Computer disassembling: What to note
You may be wondering: “why would I want to disassemble a computer in the first place?” There are several reasons why you will have to do some level of computer disassembly. Perhaps the most frequent reason is to upgrade.

Why upgrade a computer

Computer technology changes very quickly. The state-of-the-art computer you buy today may be out of date in a year and obsolete in two, unless it is upgraded. The best way to extend its useful life is to upgrade it frequently. This may include:
  • adding more memory.
  • changing to a larger hard drive.
  • or going for a faster modem.
Another reason for computer disassembly is repair. Computers break. A hardware malfunction inside the computer requires some level of disassembly. Finally, you will have to do some disassembly to add a new capability such as a sound card, DVD-ROM drive, modem, or a network card.

Considerations before computer disassembling

The important thing to remember when disassembling a computer is to document everything. It is embarrassing and sometimes costly to forget how everything goes back together. The probability of getting everything properly in order is by a detailed documentation process.In particular, you should document where the various cards inside the computer are located; how the cables are routed and oriented; the hardware used; and anything else that might cause a mix up when getting things back.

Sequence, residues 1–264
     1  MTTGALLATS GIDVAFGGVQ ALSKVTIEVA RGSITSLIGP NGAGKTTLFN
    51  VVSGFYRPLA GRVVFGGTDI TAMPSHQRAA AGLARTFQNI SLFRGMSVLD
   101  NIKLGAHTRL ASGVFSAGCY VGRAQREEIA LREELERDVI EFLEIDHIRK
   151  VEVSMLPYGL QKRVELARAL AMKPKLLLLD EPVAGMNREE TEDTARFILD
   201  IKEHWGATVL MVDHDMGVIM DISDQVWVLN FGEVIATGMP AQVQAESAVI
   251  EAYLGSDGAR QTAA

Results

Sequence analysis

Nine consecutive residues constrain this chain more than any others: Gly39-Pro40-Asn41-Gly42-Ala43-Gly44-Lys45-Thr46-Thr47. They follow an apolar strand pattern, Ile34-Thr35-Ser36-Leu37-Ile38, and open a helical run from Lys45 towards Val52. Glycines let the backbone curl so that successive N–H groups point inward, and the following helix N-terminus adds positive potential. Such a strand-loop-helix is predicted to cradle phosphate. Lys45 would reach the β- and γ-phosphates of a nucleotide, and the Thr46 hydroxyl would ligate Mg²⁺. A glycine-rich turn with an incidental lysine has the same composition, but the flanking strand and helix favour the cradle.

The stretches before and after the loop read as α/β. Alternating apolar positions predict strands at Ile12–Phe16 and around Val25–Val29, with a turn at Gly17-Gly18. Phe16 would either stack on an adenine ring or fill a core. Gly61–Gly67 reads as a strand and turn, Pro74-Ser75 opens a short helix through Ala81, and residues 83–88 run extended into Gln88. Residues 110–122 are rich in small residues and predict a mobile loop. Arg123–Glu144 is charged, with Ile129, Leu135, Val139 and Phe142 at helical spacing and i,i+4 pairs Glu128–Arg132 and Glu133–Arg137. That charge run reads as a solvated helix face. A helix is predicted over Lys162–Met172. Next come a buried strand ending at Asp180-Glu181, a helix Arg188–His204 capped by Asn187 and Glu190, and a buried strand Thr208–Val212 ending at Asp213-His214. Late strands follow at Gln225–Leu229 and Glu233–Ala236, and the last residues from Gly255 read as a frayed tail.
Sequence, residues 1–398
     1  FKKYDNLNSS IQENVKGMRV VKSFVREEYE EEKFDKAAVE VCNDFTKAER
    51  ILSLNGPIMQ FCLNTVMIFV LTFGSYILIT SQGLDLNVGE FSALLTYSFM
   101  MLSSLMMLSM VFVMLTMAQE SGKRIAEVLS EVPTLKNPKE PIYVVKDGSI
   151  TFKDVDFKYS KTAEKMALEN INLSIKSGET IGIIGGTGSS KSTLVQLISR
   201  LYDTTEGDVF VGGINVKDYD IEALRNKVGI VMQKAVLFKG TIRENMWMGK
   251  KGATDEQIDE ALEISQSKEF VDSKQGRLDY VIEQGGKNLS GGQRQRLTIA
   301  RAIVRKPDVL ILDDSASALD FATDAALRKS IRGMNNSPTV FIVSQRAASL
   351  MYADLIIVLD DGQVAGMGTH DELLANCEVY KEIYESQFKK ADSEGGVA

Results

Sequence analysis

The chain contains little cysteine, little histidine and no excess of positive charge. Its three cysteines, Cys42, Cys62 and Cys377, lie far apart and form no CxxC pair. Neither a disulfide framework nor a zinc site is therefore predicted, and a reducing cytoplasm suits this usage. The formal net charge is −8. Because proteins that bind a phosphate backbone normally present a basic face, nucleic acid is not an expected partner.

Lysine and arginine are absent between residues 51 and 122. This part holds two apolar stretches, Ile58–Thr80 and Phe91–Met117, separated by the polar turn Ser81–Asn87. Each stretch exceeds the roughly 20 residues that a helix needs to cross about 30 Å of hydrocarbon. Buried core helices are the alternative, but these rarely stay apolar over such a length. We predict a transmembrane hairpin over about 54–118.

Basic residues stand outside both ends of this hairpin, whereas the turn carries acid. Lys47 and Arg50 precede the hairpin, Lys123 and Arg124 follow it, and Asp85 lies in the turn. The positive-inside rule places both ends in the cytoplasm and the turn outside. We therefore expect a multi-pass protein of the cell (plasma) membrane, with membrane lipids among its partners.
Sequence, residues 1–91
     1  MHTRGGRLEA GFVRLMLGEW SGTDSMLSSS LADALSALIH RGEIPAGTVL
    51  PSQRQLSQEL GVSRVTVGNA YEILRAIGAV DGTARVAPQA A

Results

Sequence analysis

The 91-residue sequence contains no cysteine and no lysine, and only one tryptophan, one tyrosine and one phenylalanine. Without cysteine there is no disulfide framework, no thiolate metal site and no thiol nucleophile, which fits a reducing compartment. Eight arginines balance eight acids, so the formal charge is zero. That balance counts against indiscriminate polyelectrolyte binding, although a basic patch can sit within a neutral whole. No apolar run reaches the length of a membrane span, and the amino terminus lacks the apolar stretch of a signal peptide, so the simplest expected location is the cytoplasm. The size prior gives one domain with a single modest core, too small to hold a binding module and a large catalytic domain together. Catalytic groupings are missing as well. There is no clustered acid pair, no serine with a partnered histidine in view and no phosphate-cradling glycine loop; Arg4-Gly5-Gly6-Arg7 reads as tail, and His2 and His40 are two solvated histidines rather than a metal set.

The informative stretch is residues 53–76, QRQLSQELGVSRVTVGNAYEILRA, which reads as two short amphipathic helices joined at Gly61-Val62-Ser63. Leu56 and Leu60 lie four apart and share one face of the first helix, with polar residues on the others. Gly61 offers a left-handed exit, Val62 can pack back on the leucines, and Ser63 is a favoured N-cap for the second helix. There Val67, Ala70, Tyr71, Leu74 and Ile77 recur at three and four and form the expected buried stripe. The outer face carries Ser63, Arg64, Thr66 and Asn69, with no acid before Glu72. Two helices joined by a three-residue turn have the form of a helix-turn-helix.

Electrostatic discharge

Let’s review electrostatic discharge or ESD. When working inside the computer, more damage is done by electrostatic discharge than by any other single factor. In fact, any time the computer is open, you risk damaging the circuits inside by electrostatic discharge. That’s the bad news. The good news is this risk can be eliminated by a few common-sense precautions.The first action to observe is the use of anti-static wrist strap. It is a simple conductive strap. One end fit around your wrist; the other is clipped to the ground on the computer. It dissipates attempts of electrical charge accumulation. It keeps your body and the computer chassis at the same potential, virtually eliminating the risk of ESD.

Use of anti-static wrist wraps

  • If you are concerned about deliberately grounding your body when around electronics, set your mind at ease. A resistor built into the wrist strap limits the current to a safe level should you inadvertently brush against a live terminal.
  • While the anti-static wrist strap greatly reduces the risk of ESD damage, there are some other precautions that should also be taken. You should turn off power to the computer and that for other devices connected to it before doing any disconnection on the computer.
  • It is advisable to leave the computer system plugged in. The reason for this is that the ground-wire on the cord will keep the chassis at ground potential.
  • Also, it is good practice to use ant-static mats on your work bench and on the floor where you will be standing. These are conductive mats that, when properly grounded, prevent the build-up of static electricity.
An open computer casing.
Courtesy: An open computer casing

Circuit boards